Bill dealing with guns, mental health should be brought back
As a boy, I watched old B movies about Hercules, the great mythological hero. Even as a 7-year-old I realized they were pretty cheesy, but I enjoyed the stories, especially Hercules’s battle with Antaeus.
Antaeus, the son of Gaia, the goddess of the Earth, appeared invincible. As long as he was touching his Mother Earth, throwing him down only made him stronger.
How to defeat such a foe? Hercules solved the problem by picking him up off the ground and crushing him.
The NRA is a little like Antaeus. After the massacre of schoolchildren in Newtown, Conn., it briefly appeared vulnerable. The wave of revulsion following the mass murder appeared strong enough to sweep aside objections to gun safety legislation.
But the NRA only came back stronger. For gun lobbyists, a mass shooting is good for business. It helps them raise money. National gun legislation was defeated; in Colorado, two state senators who backed universal background checks were recalled.
Last Monday we had another mass shooting; 12 people were murdered at the Navy Yard in Washington, D.C. Unlike past tragedies, the reaction was muted. On Capitol Hill, legislators who earlier this year pushed various gun bills bluntly said they had no intention of bringing them back. At a memorial service, President Obama said change wasn’t going to come from Washington, but from Americans themselves.
This may be for the better. Emotional appeals haven’t worked. It’s time to focus on what can be accomplished.
In the case of the Navy Yard shooter, for example, it’s largely a mental health issue. Despite Aaron Alexis’s erratic and violent behavior, he wasn’t treated. (Conservative columnist Charles Krauthammer, formerly a practicing psychiatrist, said that 35 years ago he would have treated a man with the shooter’s symptoms, committing him involuntarily, if necessary.)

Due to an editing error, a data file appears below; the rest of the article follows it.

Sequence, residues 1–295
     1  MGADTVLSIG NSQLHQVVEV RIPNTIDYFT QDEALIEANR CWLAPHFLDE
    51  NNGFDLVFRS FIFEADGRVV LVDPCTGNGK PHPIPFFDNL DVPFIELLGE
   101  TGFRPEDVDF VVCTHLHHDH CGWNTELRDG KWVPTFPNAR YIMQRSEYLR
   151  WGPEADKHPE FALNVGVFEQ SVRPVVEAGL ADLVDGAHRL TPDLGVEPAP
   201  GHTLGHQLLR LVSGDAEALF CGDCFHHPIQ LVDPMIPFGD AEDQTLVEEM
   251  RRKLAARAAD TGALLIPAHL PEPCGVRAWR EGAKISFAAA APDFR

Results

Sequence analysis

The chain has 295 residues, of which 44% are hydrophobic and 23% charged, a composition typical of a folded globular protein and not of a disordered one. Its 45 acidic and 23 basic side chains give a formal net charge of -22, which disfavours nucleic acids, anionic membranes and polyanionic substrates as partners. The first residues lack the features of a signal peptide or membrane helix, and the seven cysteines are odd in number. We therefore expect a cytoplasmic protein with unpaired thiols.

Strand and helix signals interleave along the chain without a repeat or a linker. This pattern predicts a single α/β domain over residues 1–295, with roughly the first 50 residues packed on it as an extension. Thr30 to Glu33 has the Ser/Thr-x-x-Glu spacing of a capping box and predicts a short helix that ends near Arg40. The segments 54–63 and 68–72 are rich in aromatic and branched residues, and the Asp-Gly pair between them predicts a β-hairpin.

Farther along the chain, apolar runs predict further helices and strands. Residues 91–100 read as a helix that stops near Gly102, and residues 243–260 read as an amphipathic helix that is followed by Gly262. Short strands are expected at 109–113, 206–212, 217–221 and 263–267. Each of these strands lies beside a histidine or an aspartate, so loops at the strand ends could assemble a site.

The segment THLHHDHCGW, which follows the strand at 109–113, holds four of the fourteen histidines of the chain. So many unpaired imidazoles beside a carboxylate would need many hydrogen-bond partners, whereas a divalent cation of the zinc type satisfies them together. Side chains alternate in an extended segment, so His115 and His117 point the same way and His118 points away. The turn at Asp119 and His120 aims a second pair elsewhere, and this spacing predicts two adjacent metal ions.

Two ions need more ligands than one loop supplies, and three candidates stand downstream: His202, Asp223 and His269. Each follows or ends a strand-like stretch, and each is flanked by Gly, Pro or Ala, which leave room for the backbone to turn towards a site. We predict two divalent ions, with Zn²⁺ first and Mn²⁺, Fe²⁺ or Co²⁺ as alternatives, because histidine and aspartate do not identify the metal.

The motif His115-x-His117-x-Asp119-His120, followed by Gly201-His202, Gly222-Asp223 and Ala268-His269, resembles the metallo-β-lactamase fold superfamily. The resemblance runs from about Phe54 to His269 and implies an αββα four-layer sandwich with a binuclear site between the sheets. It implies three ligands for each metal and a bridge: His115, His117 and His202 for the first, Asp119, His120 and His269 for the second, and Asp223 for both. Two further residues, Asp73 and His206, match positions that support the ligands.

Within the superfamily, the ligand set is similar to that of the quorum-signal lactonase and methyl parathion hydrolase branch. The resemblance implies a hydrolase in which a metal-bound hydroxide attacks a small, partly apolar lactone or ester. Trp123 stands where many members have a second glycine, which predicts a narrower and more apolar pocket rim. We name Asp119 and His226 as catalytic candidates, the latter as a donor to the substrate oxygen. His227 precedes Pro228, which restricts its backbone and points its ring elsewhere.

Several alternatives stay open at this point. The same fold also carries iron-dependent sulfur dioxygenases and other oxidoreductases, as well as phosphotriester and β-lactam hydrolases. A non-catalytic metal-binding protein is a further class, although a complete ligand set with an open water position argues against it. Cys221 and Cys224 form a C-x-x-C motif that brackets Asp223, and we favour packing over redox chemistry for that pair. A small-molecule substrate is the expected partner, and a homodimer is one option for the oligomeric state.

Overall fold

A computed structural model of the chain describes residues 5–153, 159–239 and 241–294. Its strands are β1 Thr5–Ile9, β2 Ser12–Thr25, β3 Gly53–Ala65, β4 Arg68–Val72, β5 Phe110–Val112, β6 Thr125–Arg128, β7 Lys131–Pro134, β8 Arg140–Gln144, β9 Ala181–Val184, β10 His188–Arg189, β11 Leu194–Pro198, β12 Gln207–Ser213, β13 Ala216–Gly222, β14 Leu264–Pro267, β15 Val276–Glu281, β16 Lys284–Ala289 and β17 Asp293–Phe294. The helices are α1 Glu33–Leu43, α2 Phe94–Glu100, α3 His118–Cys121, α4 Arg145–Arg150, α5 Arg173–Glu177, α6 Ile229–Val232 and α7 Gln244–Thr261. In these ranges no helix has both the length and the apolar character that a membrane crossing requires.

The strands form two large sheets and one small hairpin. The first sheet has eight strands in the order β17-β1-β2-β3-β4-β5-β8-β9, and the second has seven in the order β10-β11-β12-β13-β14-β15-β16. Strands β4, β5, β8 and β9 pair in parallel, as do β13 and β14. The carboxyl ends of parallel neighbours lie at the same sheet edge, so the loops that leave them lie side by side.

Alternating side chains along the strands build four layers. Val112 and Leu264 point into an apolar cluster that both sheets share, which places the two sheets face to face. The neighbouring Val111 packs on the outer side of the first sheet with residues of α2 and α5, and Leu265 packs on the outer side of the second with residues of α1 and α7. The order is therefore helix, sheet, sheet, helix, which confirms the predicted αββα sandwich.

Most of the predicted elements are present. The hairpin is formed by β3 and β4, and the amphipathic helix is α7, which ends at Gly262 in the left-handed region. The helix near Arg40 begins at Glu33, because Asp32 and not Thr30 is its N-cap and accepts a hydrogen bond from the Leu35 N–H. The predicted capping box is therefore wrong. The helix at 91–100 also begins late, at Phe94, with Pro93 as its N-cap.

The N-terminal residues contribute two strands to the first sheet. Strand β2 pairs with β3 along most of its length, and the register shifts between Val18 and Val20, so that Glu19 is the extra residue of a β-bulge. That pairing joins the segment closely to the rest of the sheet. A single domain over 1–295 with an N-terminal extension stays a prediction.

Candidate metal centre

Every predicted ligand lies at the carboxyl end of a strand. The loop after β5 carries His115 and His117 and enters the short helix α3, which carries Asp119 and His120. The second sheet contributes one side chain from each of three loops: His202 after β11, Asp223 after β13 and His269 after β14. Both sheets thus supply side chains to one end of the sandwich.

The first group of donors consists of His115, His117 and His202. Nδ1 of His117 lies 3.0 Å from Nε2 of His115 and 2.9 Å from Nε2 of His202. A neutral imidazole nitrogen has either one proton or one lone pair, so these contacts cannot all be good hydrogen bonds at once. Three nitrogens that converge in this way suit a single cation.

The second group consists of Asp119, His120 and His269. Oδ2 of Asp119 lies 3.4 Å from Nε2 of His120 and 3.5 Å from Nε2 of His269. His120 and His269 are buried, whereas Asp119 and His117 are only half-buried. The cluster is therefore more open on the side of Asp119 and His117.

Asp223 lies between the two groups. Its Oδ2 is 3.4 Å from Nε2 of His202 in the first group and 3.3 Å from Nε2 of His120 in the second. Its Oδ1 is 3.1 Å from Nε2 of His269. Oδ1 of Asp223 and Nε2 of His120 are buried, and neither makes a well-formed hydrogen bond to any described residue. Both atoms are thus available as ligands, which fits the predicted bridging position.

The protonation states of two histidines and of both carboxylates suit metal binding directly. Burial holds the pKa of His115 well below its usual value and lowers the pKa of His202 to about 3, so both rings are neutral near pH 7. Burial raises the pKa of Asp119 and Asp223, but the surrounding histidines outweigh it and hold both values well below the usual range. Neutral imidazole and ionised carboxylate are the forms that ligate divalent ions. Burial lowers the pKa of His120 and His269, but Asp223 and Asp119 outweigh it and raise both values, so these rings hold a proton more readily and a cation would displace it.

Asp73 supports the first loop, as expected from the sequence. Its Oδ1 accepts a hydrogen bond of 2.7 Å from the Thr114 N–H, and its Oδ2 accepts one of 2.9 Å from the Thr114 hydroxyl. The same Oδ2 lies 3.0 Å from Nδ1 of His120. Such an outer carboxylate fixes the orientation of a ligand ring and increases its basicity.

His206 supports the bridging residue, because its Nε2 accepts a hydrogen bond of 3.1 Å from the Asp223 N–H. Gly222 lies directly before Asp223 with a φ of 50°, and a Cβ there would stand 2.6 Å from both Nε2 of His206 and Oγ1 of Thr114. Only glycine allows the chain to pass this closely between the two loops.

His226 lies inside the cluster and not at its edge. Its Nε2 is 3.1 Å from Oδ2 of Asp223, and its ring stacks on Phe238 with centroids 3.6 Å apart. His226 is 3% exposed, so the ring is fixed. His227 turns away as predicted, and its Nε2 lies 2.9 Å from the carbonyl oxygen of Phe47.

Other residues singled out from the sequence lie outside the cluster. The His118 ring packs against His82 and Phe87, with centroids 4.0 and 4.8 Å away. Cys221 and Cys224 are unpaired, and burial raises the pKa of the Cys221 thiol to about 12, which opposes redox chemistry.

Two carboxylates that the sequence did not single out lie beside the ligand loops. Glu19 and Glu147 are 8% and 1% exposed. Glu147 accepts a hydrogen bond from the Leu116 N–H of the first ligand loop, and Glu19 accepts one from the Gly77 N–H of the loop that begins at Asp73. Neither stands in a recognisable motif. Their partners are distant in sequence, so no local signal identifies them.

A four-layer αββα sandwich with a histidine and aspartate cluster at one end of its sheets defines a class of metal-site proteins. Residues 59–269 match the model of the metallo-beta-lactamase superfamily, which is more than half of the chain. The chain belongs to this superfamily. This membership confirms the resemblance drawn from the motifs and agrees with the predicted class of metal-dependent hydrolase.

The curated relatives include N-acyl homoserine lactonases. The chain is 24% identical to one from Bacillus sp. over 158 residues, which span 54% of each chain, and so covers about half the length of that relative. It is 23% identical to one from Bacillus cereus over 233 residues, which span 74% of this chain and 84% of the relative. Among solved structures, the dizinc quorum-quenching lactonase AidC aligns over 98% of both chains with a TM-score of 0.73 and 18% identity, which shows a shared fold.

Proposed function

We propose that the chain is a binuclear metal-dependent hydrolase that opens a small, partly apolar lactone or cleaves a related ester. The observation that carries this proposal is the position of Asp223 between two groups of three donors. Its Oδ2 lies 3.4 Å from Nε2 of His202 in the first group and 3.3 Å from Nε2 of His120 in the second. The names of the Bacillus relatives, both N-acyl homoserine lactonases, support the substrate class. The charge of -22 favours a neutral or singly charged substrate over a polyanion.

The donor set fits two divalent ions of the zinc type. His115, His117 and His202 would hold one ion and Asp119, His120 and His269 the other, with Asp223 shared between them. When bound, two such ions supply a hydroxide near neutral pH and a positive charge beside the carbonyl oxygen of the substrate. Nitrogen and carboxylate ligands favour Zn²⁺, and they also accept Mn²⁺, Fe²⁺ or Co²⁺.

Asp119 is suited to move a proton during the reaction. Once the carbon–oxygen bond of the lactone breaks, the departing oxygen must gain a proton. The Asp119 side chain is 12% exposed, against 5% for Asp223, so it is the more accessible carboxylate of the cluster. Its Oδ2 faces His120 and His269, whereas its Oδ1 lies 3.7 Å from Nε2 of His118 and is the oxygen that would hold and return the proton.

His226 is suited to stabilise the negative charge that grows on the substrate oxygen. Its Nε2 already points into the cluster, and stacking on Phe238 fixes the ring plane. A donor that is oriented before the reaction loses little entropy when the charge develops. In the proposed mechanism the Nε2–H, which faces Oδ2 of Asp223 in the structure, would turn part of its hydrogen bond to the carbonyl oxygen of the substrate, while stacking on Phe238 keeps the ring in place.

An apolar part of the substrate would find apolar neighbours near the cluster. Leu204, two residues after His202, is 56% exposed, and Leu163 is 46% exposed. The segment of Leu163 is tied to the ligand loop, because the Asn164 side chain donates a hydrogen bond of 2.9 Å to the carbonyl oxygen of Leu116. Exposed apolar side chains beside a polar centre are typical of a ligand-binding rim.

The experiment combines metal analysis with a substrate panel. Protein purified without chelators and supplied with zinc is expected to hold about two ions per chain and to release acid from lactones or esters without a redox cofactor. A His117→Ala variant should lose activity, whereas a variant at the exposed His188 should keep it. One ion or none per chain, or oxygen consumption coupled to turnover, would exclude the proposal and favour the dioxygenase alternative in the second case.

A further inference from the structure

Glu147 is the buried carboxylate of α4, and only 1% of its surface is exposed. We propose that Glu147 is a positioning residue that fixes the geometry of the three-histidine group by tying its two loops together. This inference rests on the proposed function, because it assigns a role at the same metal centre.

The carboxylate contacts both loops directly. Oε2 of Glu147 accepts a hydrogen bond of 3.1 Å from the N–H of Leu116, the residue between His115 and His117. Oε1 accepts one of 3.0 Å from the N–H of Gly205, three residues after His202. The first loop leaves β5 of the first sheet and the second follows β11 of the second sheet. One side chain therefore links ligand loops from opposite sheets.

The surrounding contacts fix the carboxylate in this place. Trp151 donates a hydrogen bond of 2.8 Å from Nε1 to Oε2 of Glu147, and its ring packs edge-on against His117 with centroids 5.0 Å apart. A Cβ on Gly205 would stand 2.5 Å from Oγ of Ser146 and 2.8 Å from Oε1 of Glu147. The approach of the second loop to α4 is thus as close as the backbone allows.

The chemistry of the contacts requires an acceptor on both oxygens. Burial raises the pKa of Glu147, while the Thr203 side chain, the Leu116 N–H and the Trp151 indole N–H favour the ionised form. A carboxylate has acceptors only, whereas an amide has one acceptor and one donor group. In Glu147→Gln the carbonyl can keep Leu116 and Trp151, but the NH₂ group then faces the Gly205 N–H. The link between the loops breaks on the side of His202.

The mental health issue was behind one of the gun safety bills that failed earlier this year in Delaware, H.B. 88. The bill was designed to keep guns out of the hands of “dangerous people,” according to the synopsis. It passed the House 40-1, only to lose in the Senate 13-6.
Rep. Steve Smyk, R-Milton, said, “The one bill that would have helped with school safety was H.B. 88.” But concern for school safety wasn’t enough to get the bill passed by the Senate.
“When we passed that in the House, it triggered some opposition,” Smyk said. “They came out in a very loud voice, and they were heard.”
Smyk considers the defeat as a result of a misunderstanding. The bill, he said, was not as intrusive as the opposition thought. He said some people confused the confidentiality of an attorney-client relationship with that of a doctor and patient.
But the doctor has to consider not only the patient’s safety, but the safety of others.
People, Smyk said, “are not always in control of their mental health. There are times in your life that you could use some help. Those are the times when a doctor should say … Things aren’t going real well for you. Why don’t you let someone hold your guns?”
One provision of the bill would have required mental health professionals to report dangerous people to law enforcement. Another provision would have prohibited people subject to a Protection From Abuse order from having guns.
The bill, Smyk said, would have allowed the state to “flag an individual during a difficult time in their life.” And to take that flag away when that difficult time has passed.
Despite the fairly lopsided vote in the Senate, Smyk thinks the bill may still be brought back.
The other problem, though, is identifying people who need to be flagged in the first place. That was certainly the case with the Navy Yard shooter.
The recurring phrase about Alexis is that he “fell through the cracks.” Considering his mental health issues, his attempts to get help, and his repeated acts of violence, it might be more accurate to say he fell through the gaping sinkholes.
(Maybe Americans shouldn’t be too worried about the NSA listening in on their private conversations. Alexis had several incidents that should have served as red flags and still passed a security background check.)
We face the same problem identifying people in Delaware. According to Smyk, the mental health industry lacks sufficient resources to fill the need. Smyk had much else to say about his first session. Next week’s column will deal with other issues.